program, you only have to type the long name once and you won't
accidentally include function names that you wrote your own functions
for.

--Jeff

--
"I don't mind being characterized as a 'liberal'
- I just don't happen to believe it's true."
Howard Dean

A Dean supporter is just a Democrat who hasn't
listened to Kucinich.

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"using namespace std" Vs "std::..."

Post by Sean Frale » Thu, 23 Oct 2003 04:49:24


When you have "using namespace std" in a source file, you are telling the
compiler to declare everything that exists in the namespace std in your
current scope. If you then try to use a class or function from some other
source in you current scope that has the same name as one in namespace std,
you will get an error. This sort of defeats the purpose of namespaces.

By using "using std::", you are telling the compiler to only declare that
specific object, and will only get an error if you use another object with
that name. This allows you a bit more leeway when naming classes and
functions. Example:

using std::cin;
using std::cout;

Now you will only get an error if you use another object named cin or cout,
you can use endl, vector, min(), max(), etc. without an error.

In circumstances where you have to use two or more objects with the same
name in you current scope, then you can prepend "std::" where it is used to
tell the compiler the difference. Example:

int a = 1;
int b = 2;
int c = std::max(a, b);

int d = 3;
int e = 4;
int f = foo::max(d, e);

This will tell the compiler to use the max function from the namspace std
for the one call, and to use the max function from the namespace foo for
the other.

My advice would be the following:

1) Don't use "using namespace std" since this clutters the namespace for
you current scope, and increases the likelihood that you will need to
specify a namespace for each conflicting function call and use of a class.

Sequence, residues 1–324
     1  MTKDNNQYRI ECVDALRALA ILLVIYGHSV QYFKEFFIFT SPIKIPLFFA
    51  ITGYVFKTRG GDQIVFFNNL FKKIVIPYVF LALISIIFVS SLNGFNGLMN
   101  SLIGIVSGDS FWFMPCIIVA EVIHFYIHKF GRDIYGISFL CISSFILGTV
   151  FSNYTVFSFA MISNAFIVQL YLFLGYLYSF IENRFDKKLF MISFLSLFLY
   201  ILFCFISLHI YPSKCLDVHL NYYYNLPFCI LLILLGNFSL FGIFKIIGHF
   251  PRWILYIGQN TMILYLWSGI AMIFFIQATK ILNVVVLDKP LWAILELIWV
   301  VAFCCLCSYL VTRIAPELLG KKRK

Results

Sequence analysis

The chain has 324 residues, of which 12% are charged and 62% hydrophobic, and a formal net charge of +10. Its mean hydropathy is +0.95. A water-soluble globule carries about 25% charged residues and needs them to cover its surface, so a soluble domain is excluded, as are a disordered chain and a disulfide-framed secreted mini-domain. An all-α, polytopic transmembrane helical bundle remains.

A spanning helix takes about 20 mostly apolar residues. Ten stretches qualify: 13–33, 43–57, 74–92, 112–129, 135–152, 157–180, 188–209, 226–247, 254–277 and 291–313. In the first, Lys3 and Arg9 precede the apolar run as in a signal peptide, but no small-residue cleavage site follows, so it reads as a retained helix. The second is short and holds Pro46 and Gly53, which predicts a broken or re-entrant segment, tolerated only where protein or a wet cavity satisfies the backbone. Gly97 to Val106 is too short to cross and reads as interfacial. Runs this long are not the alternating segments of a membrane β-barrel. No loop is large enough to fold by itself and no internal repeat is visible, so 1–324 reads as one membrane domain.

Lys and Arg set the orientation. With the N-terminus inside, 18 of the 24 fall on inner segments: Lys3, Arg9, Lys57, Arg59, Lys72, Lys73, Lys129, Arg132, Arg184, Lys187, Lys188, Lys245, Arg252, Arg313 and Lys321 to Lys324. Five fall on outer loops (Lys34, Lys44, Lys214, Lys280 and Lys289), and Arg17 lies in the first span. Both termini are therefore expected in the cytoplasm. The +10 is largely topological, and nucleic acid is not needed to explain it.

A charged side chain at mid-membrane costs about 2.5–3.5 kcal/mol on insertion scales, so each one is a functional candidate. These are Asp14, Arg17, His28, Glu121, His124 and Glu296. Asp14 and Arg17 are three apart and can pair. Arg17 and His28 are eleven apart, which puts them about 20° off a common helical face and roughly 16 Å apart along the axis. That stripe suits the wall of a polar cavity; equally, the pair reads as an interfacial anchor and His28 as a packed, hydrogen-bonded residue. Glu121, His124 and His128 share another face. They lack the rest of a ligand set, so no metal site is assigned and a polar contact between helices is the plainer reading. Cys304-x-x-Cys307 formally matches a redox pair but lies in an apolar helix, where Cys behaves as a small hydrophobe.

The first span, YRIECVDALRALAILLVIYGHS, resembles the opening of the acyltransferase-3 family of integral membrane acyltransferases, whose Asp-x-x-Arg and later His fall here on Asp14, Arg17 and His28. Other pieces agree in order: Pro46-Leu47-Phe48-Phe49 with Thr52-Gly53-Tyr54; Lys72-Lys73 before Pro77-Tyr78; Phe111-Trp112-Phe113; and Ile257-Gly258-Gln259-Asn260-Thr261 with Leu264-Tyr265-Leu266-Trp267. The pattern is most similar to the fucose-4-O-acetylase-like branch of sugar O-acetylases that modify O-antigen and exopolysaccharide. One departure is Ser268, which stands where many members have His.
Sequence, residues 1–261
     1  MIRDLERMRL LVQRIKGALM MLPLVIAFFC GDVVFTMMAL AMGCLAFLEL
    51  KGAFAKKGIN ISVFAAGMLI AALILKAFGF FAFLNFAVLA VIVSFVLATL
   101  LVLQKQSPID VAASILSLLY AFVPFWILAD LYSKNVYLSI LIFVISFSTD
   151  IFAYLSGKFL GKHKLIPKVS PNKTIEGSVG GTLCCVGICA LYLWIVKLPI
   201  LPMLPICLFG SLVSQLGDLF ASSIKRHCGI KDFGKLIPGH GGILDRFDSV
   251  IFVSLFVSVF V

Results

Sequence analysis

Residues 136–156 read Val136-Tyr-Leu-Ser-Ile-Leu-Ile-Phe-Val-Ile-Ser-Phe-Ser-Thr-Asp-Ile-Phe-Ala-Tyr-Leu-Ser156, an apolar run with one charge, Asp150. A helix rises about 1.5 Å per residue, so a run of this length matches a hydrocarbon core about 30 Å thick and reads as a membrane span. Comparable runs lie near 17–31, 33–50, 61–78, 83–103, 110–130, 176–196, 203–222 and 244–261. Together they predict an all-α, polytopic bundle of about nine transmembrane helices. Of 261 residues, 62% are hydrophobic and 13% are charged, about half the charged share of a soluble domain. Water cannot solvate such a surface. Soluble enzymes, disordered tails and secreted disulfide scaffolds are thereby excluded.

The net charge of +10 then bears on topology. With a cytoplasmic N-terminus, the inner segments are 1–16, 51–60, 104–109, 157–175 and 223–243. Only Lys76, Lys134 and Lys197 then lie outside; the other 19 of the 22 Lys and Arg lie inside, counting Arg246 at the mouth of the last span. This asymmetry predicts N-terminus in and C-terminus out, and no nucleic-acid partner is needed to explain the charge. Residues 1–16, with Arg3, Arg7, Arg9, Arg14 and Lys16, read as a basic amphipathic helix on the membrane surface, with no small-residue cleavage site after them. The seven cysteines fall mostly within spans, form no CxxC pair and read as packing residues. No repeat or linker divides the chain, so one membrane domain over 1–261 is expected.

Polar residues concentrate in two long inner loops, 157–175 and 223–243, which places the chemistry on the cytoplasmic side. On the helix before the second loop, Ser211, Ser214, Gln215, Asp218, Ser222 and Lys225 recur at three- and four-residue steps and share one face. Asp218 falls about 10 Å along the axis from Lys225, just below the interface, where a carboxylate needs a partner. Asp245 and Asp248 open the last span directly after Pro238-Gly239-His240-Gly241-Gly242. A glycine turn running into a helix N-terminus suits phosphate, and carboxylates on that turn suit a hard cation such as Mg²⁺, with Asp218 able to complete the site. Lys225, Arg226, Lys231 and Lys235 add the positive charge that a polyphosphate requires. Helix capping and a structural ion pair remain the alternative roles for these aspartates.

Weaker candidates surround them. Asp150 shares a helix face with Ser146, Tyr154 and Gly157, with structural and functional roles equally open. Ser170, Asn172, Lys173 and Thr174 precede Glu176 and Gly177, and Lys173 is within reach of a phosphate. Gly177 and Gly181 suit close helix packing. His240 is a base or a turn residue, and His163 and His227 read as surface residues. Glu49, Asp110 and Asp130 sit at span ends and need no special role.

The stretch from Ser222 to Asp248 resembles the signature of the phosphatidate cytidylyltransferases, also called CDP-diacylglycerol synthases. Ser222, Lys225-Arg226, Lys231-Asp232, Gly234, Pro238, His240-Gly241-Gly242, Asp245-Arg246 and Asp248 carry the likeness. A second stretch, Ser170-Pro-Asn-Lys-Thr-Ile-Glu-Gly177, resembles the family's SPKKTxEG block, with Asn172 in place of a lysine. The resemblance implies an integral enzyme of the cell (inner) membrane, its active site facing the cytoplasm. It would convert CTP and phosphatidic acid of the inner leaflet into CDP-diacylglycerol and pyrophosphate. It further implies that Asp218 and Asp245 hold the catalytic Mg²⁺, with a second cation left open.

This gets to be error-prone and aggravating.

2) Do use "using std::<name>", most of the time this will be sufficient.
Doing this also lets other people working with your code know which
namespace a given class comes from, which can let them know what interface
and behavior to expect.

Sean

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"using namespace std" Vs "std::..."

Post by sasha » Thu, 23 Oct 2003 04:55:32


The 'badness' of using namespace std; depends on what type of files you
use it in. If you use it in a header file like
...
//file.hpp
using namespace std;
...

You introduce namespace leakage where every other file that includes
file.hpp will also be aware of the contents of the std namespace. For
example
....
//file1.hpp
#include "./file.hpp"
....

Now file1.hpp also knows about std namespace even though it is not
specified explicitly.
What I do is I don't incorporate any using directives in a header file.
Instead I explicitly give the full namespace prefix of the type I'm
after. For example:
...
//file2.hpp
#include <vector>

void f(std::vector<int> v);
....

Doing this prevents namespace leakage because any file that includes
file2.hpp won't know about the any namespace.

When working with cpp files using namespace std isn't as bad because
there is no chance of leaking (unless you do something silly like
#include "file2.cpp" in another file somewhere). So an example:
....
//file2.cpp
using namespace std;
void f(vector<int> v)
{
//do something with v
}
....

Some people might prefer the following, explicitly specifying the class
used, like this:
....
//file2.cpp
using std::vector;
void f(vector<int> v)
{
//do something with v
}
....
This only brings std::vector into scope and nothing else.

In summary the rule is don't put a using directive in a header file -